Derek Carr signed a five-year, $125 million contract with the Raiders this offseason that speaks far more to what he’s going to do as an NFL player than what he’s already done. But either way, make no mistake about it, Carr deserved that massive deal and he’ll prove it in the years to come.
Carr may only check in at No. 8 right now, but he’s trending in the right direction. He’s become a young leader for the Oakland franchise both on and off the field, and he’s singlehandedly turning the team’s recent misfortunes around.
If not for a broken fibula suffered in Week 16, Carr would have eclipsed 4,000 yards passing last season and, quite possibly, reached the 30-touchdown threshold for the second consecutive year. He also completed a career-high 63.8 percent of his passes, which speaks to his rapid development.
Perhaps most impressive of all were Carr’s career-low six interceptions. Not once did he throw two or more in a game, which — paired with his rising completion percentage — tells the tale of what’s to come.
Top five on this list is in the very near future for Carr.
7. Matthew Stafford, Detroit Lions
Early in his career, Matthew Stafford was a true gunslinger. He could rack up yards and touchdowns with the best of them, but it would come at the cost of a lower completion percentage and a higher interception total.
In the last three years, Stafford has gotten away from that style of play to some degree and, as a result, his completion percentages have risen and his interception totals have fallen. And never was that change more evident than last year when Stafford finished the regular season with 4,327 yards, 24 touchdowns, a career-low 10 interceptions and a completion percentage above 65 percent.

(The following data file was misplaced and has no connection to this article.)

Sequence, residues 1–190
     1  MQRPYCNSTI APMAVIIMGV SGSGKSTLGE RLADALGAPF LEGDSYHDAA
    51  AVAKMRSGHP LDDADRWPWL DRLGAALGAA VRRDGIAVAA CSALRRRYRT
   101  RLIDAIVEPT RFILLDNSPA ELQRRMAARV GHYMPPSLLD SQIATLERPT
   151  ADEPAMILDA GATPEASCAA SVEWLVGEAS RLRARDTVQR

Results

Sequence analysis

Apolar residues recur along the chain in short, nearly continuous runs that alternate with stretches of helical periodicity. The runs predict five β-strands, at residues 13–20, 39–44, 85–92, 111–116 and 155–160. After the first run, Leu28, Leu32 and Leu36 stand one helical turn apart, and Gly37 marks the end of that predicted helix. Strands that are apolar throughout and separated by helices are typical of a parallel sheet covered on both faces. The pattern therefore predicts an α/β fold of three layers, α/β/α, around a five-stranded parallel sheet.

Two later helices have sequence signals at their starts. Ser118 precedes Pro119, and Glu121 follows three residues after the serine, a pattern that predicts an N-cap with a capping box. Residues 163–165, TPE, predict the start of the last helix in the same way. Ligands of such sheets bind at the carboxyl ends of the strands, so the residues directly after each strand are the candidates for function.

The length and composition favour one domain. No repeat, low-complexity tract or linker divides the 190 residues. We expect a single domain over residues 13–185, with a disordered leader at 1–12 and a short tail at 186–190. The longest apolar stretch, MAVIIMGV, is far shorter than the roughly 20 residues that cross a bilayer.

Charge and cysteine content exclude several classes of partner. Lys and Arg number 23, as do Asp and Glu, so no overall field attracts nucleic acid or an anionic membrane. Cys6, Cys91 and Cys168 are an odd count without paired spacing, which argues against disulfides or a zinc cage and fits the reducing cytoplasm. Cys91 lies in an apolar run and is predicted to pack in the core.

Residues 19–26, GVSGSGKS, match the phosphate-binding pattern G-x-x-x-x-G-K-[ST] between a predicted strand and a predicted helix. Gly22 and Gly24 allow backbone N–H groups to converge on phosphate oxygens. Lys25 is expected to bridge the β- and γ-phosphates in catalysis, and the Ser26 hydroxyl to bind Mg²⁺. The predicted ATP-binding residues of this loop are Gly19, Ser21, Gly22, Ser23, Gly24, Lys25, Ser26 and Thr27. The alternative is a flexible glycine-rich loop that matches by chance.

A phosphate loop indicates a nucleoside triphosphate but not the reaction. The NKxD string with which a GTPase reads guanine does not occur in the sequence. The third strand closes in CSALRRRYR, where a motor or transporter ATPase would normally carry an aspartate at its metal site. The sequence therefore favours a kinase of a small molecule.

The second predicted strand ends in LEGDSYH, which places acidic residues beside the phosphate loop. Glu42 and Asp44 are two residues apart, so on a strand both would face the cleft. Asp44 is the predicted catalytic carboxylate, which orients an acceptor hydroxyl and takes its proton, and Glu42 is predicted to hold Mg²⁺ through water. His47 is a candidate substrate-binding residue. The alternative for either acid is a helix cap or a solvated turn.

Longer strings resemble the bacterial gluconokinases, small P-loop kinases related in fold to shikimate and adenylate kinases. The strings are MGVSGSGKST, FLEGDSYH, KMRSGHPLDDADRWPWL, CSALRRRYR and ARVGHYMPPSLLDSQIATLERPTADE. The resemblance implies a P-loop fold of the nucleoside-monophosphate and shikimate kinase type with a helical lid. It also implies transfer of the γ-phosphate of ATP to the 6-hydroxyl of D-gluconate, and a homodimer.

For a player who has thrown for over 5,000 yards and 40 touchdowns in a season, some of those numbers may feel lacking. But perhaps more importantly than anything else, Stafford prevented offensive mistakes in 2016 en route to only his third winning season in the NFL.
With a little bit more time and some added offensive weapons, it will be interesting to see just how good this new and improved Matthew Stafford can be.
6. Russell Wilson, Seattle Seahawks
Russell Wilson struggled at times during the 2016 season, but he eventually rounded back into shape and finished the year off strongly. However, some of those struggles did some real damage to his year-end numbers — particularly his five-interception performance against the Green Bay Packers in Week 13.
Despite that poor game, which added to a career-high 11 interceptions, Wilson still finished the season with some impressive statistics and the newly-proven ability to bounce back.
Wilson passed for over 4,000 yards for the second consecutive season and pushed his overall record as a starter to 56-23-1. He also has that one Super Bowl championship you can’t overlook. And although his touchdown numbers were down and interceptions were up last year, he continued to prove he’s an ascending quarterback capable of getting things done through the air and on the ground.
Although he didn’t run as often in 2016, Wilson still gained 259 yards rushing and maintains an average of 5.6 yards per rushing attempt for his career. It’s that added element that makes Wilson so much more dangerous than many of his peers. With a few more adjustments, perhaps he can propel himself into the top five league-wide
Source: Yard Barker